DONGGUAN, CHINA (Nov. 20, 1:50 p.m. ET) — Japan’s large plastics machinery industry, which has become increasingly dependent on the mainland Chinese market, has thus far avoided the big drop in sales seen by Japanese car makers in the wake of anti-Japan protests in September.
Still, some non-Japanese suppliers are watching to see if they can get more business in China’s growing market for all-electric presses, a sector in the past dominated by the Japanese.
Executives for large Japanese machinery makers interviewed at a recent trade show in China said that a more diversified sales base has helped them avoid problems similar to the 40 percent-plus drop in vehicle sales that Toyota Motor Corp. had in China in September and October.
Many Chinese cities erupted in street protests in September, as part of an ongoing dispute between the two countries over control of a chain of Pacific Ocean islands.
“The impact so far has not been so big,” said Hozumi Yoda, president of press maker Nissei Plastic Industrial Co. Ltd. and chairman of the Tokyo-based Association of Japan Plastics Machinery, in an interview at the 14th Dongguan International Plastics, Packaging and Rubber Exhibition, or DMP trade fair, held Nov. 14-17.
Yoda and other executives pointed to several factors, including stability in China’s overall auto market, and that they sell equipment to non-Japanese companies in China. Japanese car makers account for about 16 percent of the 18 million vehicles sold in China each year, he said.
As well, the Japanese executives noted that other industries they serve, like mobile phones and tablet computers, have not been hit like the car industry.
“Generally we have some effect from the political situation but not so much,” said Shoji Yonezawa, chairman, general manager and North Asia leader for SHI Plastics Machinery (Shanghai) Co. Ltd., part of Japanese-German press giant Sumitomo (SHI) Demag. “Everybody asks the same question.”
He said Japanese components and technology are used to make mobile phones and computers for Apple, Samsung and other non-Japanese brands.
For example, large Taiwanese manufacturer Foxconn, which makes Apple’s iPhone and other IT products at huge factories in mainland China, is a good-sized customer of Sumitomo, he said.
Taiwanese companies in China account for about 40 percent of Sumitomo’s market there, a bigger share than Japanese firms in China, he said.
Still, some non-Japanese equipment suppliers said fallout from the politics may provide opportunities.
On a recent week-long visit to 20 customers in South China, where Japanese auto makers have assembly plants, 14 of those Chinese companies said they would not buy Japanese brand machinery if they had a choice, said Toni Bernards, general manager of Milacron Plastics Machinery (Jiangyin) Co. Ltd., a unit of U.S.-based Milacron LLC.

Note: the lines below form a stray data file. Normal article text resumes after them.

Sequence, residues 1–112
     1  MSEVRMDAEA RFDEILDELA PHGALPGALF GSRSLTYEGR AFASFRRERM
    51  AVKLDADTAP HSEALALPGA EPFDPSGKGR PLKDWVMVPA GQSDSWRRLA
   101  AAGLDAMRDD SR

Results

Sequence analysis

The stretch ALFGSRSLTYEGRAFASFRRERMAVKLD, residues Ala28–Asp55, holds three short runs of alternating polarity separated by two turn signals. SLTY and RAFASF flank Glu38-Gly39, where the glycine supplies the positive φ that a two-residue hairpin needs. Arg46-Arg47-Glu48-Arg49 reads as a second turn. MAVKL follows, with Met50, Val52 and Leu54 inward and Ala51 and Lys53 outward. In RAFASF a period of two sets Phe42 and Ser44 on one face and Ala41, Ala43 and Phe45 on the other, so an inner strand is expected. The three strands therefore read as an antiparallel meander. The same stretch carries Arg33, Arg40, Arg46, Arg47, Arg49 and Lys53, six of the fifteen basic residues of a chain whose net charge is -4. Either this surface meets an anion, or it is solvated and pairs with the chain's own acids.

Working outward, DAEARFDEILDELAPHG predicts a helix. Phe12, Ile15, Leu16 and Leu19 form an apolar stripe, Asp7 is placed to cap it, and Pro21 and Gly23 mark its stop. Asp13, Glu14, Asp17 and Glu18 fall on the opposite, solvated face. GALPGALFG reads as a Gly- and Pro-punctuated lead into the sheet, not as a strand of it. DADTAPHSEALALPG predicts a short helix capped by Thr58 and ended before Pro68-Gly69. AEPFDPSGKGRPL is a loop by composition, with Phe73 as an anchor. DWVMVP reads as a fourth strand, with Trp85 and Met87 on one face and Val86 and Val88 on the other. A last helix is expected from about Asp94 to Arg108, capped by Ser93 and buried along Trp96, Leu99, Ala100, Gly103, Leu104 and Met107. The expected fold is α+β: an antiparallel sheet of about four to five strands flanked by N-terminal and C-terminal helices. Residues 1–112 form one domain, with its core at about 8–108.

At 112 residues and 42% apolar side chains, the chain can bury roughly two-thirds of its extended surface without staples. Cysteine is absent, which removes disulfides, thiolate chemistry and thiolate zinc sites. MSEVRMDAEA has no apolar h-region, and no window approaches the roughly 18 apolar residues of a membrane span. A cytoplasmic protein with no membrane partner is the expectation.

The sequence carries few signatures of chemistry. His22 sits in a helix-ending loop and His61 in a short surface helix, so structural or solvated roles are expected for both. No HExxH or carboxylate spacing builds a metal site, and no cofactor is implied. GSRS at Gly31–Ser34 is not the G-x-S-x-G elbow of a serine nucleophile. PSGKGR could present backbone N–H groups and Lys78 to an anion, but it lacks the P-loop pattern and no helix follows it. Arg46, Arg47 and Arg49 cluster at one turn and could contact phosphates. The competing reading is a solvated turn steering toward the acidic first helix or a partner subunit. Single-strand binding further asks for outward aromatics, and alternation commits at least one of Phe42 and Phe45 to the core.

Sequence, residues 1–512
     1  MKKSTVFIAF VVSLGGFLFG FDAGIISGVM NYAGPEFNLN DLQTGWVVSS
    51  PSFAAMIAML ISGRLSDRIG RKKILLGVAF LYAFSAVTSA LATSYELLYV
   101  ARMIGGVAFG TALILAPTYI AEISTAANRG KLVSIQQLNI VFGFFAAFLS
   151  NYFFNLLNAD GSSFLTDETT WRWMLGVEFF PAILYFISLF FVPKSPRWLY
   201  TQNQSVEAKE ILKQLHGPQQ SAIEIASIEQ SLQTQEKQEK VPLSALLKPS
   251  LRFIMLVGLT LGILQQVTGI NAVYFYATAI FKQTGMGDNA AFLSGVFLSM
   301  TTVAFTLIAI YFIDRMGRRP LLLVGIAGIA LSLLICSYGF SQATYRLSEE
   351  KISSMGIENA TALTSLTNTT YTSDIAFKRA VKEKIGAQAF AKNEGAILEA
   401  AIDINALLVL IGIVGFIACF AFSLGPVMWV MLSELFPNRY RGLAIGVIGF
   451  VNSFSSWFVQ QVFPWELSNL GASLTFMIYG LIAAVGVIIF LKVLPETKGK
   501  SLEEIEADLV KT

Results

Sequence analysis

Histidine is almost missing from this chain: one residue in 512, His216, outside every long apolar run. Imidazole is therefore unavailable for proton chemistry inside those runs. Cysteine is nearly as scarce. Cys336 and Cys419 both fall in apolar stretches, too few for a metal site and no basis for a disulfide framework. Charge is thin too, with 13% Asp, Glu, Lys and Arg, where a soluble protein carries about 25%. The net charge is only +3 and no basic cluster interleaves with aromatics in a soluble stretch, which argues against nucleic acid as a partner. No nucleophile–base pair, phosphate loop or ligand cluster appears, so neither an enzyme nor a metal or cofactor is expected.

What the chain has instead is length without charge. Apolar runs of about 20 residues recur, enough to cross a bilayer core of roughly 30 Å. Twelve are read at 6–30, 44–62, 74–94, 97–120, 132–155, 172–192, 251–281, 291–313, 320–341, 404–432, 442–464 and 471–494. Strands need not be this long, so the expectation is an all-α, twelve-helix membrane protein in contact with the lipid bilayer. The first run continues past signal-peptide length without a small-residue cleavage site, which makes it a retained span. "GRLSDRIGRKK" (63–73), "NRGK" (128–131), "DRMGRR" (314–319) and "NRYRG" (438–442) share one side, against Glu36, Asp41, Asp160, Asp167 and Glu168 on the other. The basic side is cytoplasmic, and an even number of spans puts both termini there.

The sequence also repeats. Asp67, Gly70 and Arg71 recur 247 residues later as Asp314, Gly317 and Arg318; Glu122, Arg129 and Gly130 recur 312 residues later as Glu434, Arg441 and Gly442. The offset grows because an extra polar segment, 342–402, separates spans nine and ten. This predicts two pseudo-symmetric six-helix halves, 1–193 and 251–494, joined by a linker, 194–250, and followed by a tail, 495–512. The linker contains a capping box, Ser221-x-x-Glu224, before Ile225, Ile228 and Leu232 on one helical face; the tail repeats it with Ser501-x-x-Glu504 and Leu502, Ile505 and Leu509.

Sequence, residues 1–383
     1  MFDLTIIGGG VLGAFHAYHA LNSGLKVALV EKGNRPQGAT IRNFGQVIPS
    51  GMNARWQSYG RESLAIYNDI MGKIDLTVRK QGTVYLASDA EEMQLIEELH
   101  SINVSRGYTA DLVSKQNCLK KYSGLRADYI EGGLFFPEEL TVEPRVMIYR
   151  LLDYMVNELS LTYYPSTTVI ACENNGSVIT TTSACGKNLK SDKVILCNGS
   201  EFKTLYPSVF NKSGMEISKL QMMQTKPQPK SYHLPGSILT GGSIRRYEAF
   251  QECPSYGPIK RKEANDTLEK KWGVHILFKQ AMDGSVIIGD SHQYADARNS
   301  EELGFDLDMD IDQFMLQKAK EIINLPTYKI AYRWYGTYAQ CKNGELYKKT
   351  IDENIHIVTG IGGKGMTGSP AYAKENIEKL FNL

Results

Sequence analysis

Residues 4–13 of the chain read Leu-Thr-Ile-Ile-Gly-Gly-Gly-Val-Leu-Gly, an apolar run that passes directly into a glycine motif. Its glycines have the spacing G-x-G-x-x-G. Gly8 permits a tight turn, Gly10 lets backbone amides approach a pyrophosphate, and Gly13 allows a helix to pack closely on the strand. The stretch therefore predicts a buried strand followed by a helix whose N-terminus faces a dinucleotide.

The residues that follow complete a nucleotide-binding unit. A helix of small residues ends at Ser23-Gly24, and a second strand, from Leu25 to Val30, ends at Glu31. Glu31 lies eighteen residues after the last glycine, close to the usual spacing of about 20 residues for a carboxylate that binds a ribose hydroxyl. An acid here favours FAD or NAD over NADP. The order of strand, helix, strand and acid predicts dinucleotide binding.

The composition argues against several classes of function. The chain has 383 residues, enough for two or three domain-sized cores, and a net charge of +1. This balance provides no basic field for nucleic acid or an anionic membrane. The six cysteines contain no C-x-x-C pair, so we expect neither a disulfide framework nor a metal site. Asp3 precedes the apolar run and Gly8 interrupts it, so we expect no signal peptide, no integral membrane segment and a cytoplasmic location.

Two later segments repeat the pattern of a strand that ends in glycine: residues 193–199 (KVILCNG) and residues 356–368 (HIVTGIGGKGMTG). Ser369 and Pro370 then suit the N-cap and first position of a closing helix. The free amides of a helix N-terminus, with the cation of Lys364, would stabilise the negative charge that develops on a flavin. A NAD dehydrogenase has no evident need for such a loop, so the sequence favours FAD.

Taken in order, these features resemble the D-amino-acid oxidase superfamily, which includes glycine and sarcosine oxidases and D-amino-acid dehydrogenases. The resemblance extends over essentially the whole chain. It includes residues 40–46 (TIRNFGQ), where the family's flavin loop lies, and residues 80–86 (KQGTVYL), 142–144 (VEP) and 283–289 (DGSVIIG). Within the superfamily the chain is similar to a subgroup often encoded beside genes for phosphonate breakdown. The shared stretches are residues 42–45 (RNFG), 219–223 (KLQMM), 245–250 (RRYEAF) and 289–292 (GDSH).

“This gives me a chance to increase my market share,” said Bernards, although he acknowledged in an interview at Milacron’s booth at DMP that it was too soon to say how much purchasing habits would change.
Privately, executives at some other non-Japanese suppliers at the fair echoed Bernards in saying it could be an opportunity.
Milacron is increasing its bets on China, planning investments to double production space at its factory in Jiangyin by May, although that’s because of general growth in the country, he said.
At DMP, the company made its China introduction of its second-generation all-electric Elektron machines with an improved control panel, and it plans to introduce its largest in that line, a 550-ton version, in the second quarter of 2013, he said.
Bernards said a few years ago, Japanese firms had 90 percent of the all-electric market in China, but that’s changing as local firms develop their own electrics and foreign suppliers introduce Chinese-made models. Milacron started making all-electrics in Jiangyin in 2009, for example, he said.
Even if the effects have not filtered through to Japanese plastics equipment makers, Japanese auto parts makers in China who would buy molding machines have been hurt, with some operating at 50 percent capacity, said Nissei’s Yoda.
In addition to Toyota’s more than 40 percent drop in China sales since the September protests, Nissan Motor Co. reported declines in China sales of at least 35 percent in September and October.
An executive with the Hong Kong office of Japan’s JSW Plastics Machinery (HK) Ltd., Akihiro Shimatani, agreed with his Japanese colleagues in saying that the impact was small for the machinery industry.
He said in his experience with molding companies in South China, what’s most important is the price, not the country the machine is from.
The China head of Austrian equipment supplier Wittmann Battenfeld GmbH, Jonathan Ching, does not think political issues will have a long-term impact on how companies made purchasing decisions for large capital investments like molding machines.
The bigger problem for Japanese firms is the slowing economy in Japan and worldwide, said Yoda. Japan’s economy contracted 3.5 percent in the third quarter, although Japan’s press industry is on target to manufacture slightly more machines this year than last.
The industry will likely make about 12,000 injection machines in Japan this year, compared with about 11,500 last year, although he said the market looks more uncertain in 2013.
Still, Nissei also announced plans at the fair to build a second manufacturing plant in China, joining other Japanese machinery firms that have been making sizable investments in China and Southeast Asia in recent years.